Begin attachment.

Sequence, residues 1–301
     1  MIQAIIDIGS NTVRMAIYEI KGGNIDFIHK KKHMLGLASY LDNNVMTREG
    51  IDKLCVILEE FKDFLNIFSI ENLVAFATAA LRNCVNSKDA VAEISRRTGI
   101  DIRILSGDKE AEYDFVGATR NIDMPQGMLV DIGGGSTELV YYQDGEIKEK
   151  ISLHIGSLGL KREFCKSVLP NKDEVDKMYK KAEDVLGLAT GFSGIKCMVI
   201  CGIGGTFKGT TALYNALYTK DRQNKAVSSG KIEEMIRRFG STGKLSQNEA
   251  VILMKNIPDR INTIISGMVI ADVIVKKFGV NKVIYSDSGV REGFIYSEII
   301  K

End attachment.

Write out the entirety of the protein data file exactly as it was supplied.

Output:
Sequence, residues 1–301
     1  MIQAIIDIGS NTVRMAIYEI KGGNIDFIHK KKHMLGLASY LDNNVMTREG
    51  IDKLCVILEE FKDFLNIFSI ENLVAFATAA LRNCVNSKDA VAEISRRTGI
   101  DIRILSGDKE AEYDFVGATR NIDMPQGMLV DIGGGSTELV YYQDGEIKEK
   151  ISLHIGSLGL KREFCKSVLP NKDEVDKMYK KAEDVLGLAT GFSGIKCMVI
   201  CGIGGTFKGT TALYNALYTK DRQNKAVSSG KIEEMIRRFG STGKLSQNEA
   251  VILMKNIPDR INTIISGMVI ADVIVKKFGV NKVIYSDSGV REGFIYSEII
   301  K